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Role of cyclooxygenase (COX)-1 and COX-2 inhibition in nonsteroidal anti-inflammatory drug-induced intestinal damage in rats: relation to various pathogenic events.

Authors
Type
Published Article
Journal
The Journal of pharmacology and experimental therapeutics
Publication Date
Volume
303
Issue
3
Pages
1248–1254
Identifiers
PMID: 12438549
Source
Medline

Abstract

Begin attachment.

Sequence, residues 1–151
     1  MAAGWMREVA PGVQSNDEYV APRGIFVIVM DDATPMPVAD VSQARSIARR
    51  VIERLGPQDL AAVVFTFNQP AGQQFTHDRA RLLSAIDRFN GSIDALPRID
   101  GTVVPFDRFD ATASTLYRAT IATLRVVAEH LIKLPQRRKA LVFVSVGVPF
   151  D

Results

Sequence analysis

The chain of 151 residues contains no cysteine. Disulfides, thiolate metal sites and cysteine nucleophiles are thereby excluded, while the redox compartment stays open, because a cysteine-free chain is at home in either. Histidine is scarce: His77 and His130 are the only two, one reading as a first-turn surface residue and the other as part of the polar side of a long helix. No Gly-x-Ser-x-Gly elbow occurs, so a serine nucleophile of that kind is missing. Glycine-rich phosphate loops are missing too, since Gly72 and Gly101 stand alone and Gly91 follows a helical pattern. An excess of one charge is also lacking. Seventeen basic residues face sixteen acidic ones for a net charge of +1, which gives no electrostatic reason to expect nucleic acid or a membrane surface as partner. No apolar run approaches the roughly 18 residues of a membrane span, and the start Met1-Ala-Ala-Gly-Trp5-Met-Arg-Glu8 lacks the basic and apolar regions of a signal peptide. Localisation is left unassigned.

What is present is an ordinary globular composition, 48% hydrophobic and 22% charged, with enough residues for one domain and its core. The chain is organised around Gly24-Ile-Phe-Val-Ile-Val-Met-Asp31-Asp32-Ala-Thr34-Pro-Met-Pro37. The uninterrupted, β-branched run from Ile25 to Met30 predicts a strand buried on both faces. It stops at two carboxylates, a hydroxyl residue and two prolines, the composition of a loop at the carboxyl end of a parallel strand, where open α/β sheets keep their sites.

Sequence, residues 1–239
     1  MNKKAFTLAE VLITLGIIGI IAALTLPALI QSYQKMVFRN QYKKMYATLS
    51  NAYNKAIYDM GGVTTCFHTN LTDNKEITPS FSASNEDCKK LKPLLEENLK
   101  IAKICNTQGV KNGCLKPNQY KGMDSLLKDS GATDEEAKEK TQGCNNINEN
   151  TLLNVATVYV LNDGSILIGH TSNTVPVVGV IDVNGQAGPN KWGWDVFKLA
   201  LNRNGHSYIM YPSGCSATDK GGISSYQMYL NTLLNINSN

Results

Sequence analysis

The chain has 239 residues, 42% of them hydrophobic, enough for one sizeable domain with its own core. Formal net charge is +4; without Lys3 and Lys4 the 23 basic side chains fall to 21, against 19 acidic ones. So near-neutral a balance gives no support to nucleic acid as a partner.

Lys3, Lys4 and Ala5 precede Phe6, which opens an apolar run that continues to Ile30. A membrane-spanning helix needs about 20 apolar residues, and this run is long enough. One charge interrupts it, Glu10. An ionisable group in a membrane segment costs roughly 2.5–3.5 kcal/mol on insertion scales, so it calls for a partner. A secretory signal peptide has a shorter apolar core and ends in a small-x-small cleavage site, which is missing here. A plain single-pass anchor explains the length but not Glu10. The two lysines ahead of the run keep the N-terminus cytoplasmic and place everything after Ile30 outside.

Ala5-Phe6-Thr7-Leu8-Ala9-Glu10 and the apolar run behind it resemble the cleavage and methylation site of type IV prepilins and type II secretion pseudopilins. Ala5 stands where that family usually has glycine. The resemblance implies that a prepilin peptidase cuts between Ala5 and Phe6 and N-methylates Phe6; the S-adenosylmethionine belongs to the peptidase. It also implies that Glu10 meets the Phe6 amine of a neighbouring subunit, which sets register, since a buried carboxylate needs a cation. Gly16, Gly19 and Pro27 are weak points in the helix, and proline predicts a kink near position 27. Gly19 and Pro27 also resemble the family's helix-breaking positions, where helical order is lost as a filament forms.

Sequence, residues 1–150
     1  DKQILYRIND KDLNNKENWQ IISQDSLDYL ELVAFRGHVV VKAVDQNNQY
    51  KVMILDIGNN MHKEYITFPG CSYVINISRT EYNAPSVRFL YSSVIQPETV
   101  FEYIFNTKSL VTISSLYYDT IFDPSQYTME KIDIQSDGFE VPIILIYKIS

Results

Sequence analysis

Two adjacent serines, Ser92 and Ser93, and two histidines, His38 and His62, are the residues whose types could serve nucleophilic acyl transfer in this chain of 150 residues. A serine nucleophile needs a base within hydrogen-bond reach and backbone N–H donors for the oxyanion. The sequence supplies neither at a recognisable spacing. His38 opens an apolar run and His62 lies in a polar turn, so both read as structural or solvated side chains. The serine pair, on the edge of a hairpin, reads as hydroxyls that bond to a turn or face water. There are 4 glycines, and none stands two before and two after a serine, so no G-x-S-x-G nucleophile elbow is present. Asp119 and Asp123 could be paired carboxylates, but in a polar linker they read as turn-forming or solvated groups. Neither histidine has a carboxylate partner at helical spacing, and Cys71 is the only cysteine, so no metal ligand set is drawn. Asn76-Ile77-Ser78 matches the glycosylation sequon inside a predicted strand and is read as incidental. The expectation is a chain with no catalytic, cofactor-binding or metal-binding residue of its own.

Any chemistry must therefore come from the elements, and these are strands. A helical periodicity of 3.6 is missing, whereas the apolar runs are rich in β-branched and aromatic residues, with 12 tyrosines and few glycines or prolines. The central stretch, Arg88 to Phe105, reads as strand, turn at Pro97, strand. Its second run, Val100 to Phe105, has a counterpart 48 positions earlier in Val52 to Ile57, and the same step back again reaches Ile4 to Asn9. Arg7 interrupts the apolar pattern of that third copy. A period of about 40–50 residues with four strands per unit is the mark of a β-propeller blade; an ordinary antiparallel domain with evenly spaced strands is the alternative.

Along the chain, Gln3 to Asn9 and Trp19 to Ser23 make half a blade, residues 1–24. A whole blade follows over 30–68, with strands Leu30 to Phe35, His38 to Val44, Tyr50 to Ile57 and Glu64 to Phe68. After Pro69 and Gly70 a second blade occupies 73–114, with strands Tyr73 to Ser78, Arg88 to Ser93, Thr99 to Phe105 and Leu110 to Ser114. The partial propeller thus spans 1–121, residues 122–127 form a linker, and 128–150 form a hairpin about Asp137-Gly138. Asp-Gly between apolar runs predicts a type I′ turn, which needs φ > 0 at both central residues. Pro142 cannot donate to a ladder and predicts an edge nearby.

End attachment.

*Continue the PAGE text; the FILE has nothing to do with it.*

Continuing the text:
We recently reported that cyclooxygenase (COX)-2 expression was up-regulated in the rat small intestine after administration of indomethacin, and this may be a key to nonsteroidal anti-inflammatory drug (NSAID)-induced intestinal damage. In the present study, we investigated the effect of inhibiting COX-1 or COX-2 on various intestinal events occurring in association with NSAID-induced intestinal damage. Rats without fasting were treated with indomethacin, SC-560 (a selective COX-1 inhibitor), rofecoxib (a selective COX-2 inhibitor), or SC-560 plus rofecoxib, and the following parameters were examined in the small intestine: the lesion score, the enterobacterial number, myeloperoxidase (MPO) and inducible nitric-oxide synthase (iNOS) activity, and intestinal motility. Indomethacin decreased mucosal prostaglandin (PG)E2 content and caused damage in the intestine within 24 h, accompanied by an increase in intestinal contractility, bacterial numbers, and MPO as well as iNOS activity, together with the up-regulation of COX-2 and iNOS mRNA expression. Neither SC-560 nor rofecoxib alone caused intestinal damage, but their combined administration produced lesions. SC-560, but not rofecoxib, caused intestinal hypermotility, bacterial invasion, and COX-2 as well as iNOS mRNA expression, yet the iNOS and MPO activity was increased only when rofecoxib was also administered. Although SC-560 inhibited the PG production, the level of PGE2 was restored 6 h later, in a rofecoxib-dependent manner. We conclude that inhibition of COX-1, despite causing intestinal hypermotility, bacterial invasion, and iNOS expression, up-regulates the expression of COX-2, and the PGE2 produced by COX-2 counteracts deleterious events, and maintains the mucosal integrity. This sequence of events explains why intestinal damage occurs only when both COX-1 and COX-2 are inhibited.

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